On the Crusades and Their Significance for Christianity

Shellfish. Starving children in Africa. The Crusades. In a normal, rational world, these three subjects would be as far apart from each other topically as they are physically. In religious debate between an uninformed atheist and an unprepared Christian, however, these three topics are the conversation’s bread and butter. Having grown up in the church with an interest in theology and philosophy, I have been able to debunk these for years. To my annoyance, while the value behind these posits has been erased completely, the posits themselves subsist in some sort of perverted strength in numbers. I post this article in perhaps the vain hope that, with the right ideological equipment, newer, more productive discussions can take the place of the old ones. Since that’s a tall order, I will reduce my argument to that of the Crusades.

First, some counters that do not work. Yes, dozens of jihads were launched before the first crusade ever started. Arguably, the Crusades could be considered defensive, but this is an ultimately weak argument. Besides, a tu quoque is not going to convince someone who believes that all religions are bad; Islam and Christianity are two sides of the same Ibrahimic coin in their eyes. Safe passage for pilgrims has been another very popular excuse, brought down through the generations. Persecution much greater than this has happened to Christians before. Unorganized raiding along the roads to Jerusalem, while still potentially at the forefront of the noble-intentioned crusader’s mind, is not backed well enough to posit.

No, the argument against the Crusades is their near unanimous records of failure. I could explain most, but I’ll give some brief highlights. The First Crusade took the Holy Lands out of pure luck, and even then the crusaders had massive food shortages, coordination problems, and infighting. Never again would a Crusade capture land in the Middle East. The Fourth Crusade only ever assaulted Catholic Hungary and Orthodox Byzantium. The Northern Crusades, while still practical failures, created a powerhouse faction in the Teutons, against which Poland had to side with the ex-pagans to fight. The Hussite Crusades pitted the most powerful and expensive armies Europe could afford against a series of wagon fortifications, and the wagon fortifications won. Failed battles, lost glory, poor conditions. The Crusades are pathetic.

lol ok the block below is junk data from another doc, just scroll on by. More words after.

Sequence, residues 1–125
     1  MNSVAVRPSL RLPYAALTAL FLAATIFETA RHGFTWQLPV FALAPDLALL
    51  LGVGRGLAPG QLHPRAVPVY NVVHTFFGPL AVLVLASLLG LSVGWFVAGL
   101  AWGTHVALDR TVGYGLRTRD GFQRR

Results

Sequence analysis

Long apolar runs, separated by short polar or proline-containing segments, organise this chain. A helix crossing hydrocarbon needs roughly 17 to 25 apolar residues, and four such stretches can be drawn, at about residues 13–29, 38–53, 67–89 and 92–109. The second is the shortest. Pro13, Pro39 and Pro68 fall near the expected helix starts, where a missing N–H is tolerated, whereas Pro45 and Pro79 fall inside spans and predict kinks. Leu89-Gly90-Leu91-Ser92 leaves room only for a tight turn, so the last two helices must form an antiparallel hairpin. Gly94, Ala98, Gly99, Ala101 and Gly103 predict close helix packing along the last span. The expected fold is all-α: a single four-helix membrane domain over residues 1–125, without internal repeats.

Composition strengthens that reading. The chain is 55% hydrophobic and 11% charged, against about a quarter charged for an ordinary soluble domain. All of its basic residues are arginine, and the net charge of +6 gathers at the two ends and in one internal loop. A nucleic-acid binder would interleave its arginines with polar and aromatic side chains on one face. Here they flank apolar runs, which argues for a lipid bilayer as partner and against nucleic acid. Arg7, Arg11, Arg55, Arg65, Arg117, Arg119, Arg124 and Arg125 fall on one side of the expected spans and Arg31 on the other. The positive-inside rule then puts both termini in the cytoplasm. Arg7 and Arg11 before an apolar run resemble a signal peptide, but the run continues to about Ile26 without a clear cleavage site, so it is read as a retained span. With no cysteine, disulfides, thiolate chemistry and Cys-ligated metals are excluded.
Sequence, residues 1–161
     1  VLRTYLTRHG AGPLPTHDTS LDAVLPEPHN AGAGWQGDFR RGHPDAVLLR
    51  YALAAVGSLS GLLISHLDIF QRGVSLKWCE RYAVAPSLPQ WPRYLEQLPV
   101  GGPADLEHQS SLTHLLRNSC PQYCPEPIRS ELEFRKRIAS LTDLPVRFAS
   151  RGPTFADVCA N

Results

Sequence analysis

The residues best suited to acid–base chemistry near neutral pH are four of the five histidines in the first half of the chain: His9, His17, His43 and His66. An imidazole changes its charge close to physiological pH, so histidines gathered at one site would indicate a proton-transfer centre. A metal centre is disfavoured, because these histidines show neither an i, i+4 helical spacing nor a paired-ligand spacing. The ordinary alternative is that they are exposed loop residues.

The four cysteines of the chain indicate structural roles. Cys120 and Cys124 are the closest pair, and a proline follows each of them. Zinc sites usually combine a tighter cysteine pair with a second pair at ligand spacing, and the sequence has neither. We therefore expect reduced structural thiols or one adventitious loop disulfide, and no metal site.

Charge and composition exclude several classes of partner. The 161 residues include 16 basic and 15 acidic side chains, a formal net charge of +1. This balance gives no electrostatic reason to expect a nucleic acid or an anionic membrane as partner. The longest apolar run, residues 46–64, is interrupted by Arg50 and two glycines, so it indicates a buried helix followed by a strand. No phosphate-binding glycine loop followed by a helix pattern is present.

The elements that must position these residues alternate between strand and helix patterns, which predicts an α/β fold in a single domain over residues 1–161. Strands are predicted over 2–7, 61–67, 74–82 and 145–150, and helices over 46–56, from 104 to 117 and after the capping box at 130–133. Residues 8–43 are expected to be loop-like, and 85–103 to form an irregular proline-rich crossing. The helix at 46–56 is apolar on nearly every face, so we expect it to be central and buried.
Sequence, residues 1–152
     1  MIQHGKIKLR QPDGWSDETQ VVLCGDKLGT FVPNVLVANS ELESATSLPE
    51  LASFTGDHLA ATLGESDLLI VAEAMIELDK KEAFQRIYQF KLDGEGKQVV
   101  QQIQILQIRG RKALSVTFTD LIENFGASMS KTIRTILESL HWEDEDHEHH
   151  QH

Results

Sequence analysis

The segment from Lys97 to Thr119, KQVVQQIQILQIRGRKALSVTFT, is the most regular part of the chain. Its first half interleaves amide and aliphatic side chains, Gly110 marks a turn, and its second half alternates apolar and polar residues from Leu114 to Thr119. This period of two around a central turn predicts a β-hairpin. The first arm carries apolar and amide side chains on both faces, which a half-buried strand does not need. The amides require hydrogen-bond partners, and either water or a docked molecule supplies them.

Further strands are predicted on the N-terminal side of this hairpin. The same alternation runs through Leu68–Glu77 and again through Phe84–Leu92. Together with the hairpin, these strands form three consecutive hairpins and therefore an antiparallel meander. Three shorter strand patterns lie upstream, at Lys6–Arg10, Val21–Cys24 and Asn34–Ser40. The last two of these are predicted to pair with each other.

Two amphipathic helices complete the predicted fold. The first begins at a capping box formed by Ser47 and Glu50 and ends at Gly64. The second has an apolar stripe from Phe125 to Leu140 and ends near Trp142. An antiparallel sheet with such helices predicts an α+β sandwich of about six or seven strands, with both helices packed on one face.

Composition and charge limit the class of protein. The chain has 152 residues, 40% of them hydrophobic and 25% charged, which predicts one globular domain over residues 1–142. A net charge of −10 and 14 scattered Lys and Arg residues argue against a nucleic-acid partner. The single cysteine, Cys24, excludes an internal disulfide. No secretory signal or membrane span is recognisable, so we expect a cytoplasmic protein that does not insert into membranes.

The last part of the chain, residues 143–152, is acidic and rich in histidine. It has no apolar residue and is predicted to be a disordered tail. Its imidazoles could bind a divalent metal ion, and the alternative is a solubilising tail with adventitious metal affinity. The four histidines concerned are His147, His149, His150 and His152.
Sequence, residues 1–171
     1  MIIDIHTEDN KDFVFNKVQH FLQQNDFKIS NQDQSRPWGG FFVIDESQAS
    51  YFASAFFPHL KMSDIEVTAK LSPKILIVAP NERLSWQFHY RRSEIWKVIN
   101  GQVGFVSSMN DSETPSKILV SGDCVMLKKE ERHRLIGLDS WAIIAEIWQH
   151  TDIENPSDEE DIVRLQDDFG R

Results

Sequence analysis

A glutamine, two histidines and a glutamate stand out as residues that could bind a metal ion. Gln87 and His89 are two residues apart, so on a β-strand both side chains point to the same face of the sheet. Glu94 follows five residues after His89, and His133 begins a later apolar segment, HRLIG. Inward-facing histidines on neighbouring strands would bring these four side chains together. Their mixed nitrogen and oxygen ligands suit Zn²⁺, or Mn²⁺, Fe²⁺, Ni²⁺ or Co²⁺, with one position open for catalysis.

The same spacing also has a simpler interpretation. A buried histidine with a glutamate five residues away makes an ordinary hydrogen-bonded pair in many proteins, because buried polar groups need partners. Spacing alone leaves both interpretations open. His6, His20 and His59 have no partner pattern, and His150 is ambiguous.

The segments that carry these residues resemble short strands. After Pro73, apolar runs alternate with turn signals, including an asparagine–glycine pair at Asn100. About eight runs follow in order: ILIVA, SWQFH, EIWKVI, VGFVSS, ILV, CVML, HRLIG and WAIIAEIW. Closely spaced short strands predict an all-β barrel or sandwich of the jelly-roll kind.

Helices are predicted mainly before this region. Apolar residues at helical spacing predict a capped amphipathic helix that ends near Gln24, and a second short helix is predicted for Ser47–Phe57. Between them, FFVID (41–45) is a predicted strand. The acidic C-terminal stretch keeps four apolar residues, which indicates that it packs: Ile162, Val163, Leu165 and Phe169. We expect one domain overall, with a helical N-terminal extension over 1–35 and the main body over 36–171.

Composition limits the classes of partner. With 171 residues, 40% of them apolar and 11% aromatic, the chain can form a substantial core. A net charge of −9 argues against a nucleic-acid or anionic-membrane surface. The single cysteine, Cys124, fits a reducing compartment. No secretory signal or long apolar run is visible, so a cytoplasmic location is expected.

The values of many religions are made apparent by the general actions of their followers. When Muhammad died, his followers took up the sword and carved themselves a vast empire. Even today, their religious extremists take great pride in physical land. Islam is a religion that is good soil for war. The Jews throughout history have lived in small pockets of closely-concentrated communities. Their structure is logical and pragmatic, which has allowed their communities to survive through the worst social catastrophes imaginable. Today, functioning as the state of Israel, the Jewish people hold their own against millions of men and billions of dollars’ worth of equipment. Judaism is a religion that is good soil for defense. For non-monotheistic examples, Hinduism and its diminutive Karma practically justify impassable social structures and class divides. Buddhism and Confucianism never had any teeth to contribute anything of note as an organized following. The list continues, but the point is made.